I believe in fairies

Before you begin to think I’ve completely lost it, let me explain. A far cry from the magical, mischievous creatures of folklore, the Fairyfly is actually a type of parasitic wasp. Although they might not have much success against Tinkerbell in a beauty contest they are fascinating insects with a life cycle more akin to a horror film than a fairy tale…

Fairyflies are a family of parasitoid wasps which include the smallest known species of insects; and they really are ridiculously small, ranging from a mere 0.2mm in length to a maximum just under 2mm. Whilst working as a research assistant at the Natural History Museum, Mymarids were by far my favourite parasitoids to work with because, despite the difficulties associated with their size, they are unbelievably striking. They look very unlike the other members of the Chalicidoids, the group of parasitic wasps to which they belong, as they have narrow fringed wings, which are thought to help them effectively “swim” through the air.

Fairyflies are probably one of the nicer characters found among the parasitoid wasps as they only parasitise the eggs of their hosts. Other, more gruesome relatives of the fairies have a life cycle that has been likened to the film Alien. The famous, disturbing sequence of cinema picturing the emergence of an alien being out of a human chest is a terrifying reality in the insect world.

Parasitoids feed and develop during their larval stage in the body of their insect host: literally consuming them from the inside out and inevitably resulting in the death of the host. The fully-grown insect parasitoid then emerges from its host ready to face the seemingly impossible task of tracking down a new victim in which to lay its own eggs. These parasitoids that develop inside the body of their host are called endoparasitoids, however there are various other types.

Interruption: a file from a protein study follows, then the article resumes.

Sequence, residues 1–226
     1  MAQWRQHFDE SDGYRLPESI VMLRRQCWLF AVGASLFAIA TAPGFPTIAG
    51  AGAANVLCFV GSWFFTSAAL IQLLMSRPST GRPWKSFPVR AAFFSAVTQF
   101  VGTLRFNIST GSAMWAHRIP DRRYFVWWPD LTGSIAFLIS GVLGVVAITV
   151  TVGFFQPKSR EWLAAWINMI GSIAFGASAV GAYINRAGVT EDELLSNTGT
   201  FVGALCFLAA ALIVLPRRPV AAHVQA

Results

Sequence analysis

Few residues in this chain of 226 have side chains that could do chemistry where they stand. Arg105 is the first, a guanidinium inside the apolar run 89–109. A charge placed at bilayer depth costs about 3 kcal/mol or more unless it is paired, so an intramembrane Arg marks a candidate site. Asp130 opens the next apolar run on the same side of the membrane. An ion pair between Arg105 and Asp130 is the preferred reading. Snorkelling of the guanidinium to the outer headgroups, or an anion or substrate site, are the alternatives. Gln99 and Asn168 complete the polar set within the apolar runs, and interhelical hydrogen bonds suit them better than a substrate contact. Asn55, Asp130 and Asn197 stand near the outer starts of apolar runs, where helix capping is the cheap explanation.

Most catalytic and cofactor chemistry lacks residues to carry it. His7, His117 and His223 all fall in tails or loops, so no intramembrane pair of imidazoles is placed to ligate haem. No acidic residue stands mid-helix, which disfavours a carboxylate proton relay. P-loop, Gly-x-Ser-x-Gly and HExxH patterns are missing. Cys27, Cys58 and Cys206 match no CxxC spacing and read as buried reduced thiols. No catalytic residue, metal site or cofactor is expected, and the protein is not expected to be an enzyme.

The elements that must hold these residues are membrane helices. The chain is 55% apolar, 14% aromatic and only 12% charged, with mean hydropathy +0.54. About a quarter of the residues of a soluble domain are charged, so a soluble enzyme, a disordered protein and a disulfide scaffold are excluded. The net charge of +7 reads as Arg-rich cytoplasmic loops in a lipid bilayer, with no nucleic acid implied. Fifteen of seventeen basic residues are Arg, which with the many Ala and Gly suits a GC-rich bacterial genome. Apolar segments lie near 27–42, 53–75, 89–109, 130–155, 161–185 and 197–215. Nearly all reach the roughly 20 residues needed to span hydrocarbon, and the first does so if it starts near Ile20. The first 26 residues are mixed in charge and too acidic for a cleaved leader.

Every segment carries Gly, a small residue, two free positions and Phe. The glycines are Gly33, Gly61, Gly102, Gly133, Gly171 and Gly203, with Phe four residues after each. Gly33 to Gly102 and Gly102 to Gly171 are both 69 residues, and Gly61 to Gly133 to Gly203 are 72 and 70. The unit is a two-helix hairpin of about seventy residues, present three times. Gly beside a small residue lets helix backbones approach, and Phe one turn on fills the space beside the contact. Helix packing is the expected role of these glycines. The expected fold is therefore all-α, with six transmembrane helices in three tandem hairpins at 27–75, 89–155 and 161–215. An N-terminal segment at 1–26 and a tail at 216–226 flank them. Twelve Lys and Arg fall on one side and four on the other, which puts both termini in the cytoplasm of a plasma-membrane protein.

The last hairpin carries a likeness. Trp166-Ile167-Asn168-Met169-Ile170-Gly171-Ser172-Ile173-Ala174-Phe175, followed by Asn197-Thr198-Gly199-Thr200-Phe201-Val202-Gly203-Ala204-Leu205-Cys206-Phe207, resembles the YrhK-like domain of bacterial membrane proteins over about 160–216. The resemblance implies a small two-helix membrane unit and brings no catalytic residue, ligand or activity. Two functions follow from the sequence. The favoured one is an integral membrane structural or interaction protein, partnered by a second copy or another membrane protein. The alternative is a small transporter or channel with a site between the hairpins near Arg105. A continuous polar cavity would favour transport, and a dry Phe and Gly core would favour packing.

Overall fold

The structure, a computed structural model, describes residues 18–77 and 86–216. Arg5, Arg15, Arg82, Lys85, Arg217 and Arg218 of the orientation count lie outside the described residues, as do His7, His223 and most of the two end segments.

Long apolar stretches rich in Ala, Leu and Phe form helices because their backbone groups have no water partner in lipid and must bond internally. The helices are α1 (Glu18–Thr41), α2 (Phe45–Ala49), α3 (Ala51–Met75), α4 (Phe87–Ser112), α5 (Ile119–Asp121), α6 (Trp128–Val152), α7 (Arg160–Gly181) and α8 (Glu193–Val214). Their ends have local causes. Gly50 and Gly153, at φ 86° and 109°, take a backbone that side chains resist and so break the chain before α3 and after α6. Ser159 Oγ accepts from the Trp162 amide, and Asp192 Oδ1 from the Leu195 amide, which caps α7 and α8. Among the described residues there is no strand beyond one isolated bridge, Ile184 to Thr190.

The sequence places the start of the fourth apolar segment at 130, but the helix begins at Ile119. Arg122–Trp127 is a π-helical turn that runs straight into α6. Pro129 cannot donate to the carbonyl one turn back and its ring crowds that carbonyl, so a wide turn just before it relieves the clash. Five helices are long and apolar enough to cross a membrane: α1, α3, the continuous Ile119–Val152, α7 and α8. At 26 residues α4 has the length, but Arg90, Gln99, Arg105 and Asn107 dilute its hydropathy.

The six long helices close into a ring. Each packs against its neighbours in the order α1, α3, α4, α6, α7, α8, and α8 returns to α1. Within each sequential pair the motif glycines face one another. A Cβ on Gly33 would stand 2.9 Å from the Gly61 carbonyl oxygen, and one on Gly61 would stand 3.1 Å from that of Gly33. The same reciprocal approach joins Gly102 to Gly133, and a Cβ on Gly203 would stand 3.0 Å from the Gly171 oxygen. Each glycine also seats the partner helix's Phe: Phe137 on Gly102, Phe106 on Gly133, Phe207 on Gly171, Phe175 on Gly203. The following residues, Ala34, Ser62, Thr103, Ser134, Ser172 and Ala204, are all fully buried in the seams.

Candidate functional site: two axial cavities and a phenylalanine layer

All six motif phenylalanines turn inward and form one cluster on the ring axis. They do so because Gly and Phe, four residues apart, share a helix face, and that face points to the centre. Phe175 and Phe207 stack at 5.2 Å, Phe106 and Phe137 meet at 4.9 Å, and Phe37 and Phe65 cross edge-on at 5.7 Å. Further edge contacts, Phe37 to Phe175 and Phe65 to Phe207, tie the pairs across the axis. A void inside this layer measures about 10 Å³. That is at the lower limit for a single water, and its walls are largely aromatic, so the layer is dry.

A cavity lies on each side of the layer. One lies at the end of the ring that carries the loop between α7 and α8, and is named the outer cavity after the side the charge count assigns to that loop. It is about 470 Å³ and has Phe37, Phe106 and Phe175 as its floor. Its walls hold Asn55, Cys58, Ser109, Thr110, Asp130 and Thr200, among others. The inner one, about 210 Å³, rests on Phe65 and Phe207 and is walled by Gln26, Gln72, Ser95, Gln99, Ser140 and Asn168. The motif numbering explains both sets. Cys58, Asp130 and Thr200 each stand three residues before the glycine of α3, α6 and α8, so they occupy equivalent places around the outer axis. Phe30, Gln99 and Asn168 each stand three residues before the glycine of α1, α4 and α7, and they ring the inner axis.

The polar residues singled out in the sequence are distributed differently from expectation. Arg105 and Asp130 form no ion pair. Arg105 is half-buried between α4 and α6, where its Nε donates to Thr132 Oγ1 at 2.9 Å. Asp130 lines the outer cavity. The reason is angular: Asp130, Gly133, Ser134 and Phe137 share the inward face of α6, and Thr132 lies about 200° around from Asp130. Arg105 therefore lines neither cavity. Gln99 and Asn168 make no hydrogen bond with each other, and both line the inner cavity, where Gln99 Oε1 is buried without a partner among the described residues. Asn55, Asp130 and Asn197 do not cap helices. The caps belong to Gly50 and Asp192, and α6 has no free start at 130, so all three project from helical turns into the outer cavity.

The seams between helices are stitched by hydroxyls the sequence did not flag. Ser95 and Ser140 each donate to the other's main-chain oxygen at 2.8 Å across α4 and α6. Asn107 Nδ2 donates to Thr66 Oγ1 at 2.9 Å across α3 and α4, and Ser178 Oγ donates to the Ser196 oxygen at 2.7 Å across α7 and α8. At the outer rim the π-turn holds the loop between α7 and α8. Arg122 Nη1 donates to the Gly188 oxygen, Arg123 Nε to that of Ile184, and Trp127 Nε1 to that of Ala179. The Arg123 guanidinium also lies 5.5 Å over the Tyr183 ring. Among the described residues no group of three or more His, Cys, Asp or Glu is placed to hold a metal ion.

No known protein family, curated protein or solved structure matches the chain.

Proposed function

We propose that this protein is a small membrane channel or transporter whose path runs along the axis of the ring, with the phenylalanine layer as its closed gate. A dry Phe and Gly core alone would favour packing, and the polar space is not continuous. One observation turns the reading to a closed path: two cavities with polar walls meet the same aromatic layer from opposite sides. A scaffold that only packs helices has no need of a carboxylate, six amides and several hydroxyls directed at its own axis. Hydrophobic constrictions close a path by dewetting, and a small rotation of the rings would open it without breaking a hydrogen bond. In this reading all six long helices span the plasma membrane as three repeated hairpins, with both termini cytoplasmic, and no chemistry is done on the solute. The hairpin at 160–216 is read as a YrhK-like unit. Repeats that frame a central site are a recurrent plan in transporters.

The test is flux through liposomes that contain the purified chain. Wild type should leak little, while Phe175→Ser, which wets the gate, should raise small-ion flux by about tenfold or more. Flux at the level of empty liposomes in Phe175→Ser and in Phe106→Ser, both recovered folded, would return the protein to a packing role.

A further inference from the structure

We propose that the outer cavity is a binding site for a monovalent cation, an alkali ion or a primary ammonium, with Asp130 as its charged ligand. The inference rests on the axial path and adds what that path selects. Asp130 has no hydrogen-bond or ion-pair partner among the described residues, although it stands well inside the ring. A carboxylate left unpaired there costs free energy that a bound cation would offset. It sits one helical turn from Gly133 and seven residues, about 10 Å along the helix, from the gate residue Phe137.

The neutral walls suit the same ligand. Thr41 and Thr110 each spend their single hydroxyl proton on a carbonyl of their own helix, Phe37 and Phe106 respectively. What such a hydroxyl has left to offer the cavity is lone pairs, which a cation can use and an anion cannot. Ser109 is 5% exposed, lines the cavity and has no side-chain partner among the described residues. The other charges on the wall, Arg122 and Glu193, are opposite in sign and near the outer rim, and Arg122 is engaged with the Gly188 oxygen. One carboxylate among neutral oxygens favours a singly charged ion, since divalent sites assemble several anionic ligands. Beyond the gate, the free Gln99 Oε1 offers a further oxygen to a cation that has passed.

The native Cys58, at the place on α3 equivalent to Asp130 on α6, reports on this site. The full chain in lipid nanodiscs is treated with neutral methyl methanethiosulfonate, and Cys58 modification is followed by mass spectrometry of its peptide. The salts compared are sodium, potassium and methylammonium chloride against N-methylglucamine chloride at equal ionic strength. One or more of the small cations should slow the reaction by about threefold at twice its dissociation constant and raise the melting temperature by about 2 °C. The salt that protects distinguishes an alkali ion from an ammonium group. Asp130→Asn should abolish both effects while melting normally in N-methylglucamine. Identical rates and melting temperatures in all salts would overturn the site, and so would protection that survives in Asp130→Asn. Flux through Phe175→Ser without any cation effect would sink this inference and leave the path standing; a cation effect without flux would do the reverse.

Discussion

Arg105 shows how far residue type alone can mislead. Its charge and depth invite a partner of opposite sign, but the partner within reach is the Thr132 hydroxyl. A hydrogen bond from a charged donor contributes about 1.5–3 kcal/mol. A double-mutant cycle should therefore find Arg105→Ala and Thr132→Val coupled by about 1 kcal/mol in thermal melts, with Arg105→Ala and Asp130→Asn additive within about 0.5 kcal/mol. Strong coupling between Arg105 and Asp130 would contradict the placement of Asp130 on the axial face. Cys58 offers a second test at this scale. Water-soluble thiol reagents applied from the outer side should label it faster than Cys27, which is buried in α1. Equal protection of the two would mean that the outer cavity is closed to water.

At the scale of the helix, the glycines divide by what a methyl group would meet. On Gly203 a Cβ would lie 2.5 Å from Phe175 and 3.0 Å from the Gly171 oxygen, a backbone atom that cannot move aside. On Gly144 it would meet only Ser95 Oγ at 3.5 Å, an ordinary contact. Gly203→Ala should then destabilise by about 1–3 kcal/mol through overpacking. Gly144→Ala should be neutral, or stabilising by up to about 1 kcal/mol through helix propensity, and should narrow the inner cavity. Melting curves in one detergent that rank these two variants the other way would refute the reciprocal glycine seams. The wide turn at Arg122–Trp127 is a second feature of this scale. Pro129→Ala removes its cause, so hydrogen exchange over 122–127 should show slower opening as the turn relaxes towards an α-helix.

This paints a rather sinister picture of these insects but luckily for us they are blessed with a dual personality. As a result of their proficiency as insect-hunters they are employed in agriculture as an effective method of bio-control. They are often very particular about the species they select and so can be used to track down and kill pests without affecting non-target insects. Fairyflies have been successfully used for this purpose on a number of occasions, the best example being Anaphes nitens, which has been applied across southern Europe, South Africa, New Zealand and South America. This particular parasitoid species is recruited to protect eucalyptus plants, cultivated for paper production, from weevils; perhaps acting more like guardian angels rather than fairies for these trees.

Therefore not only are parasitoids a fascinating product of evolution, so bizarre as to warrant Hollywood fame, they are also pest-busters of little acclaim, carrying out an environmentally friendly crop protection service.

Image from: http://www.nhm.ac.uk/research-curation/research/projects/chalcidoids/mymaridae.html

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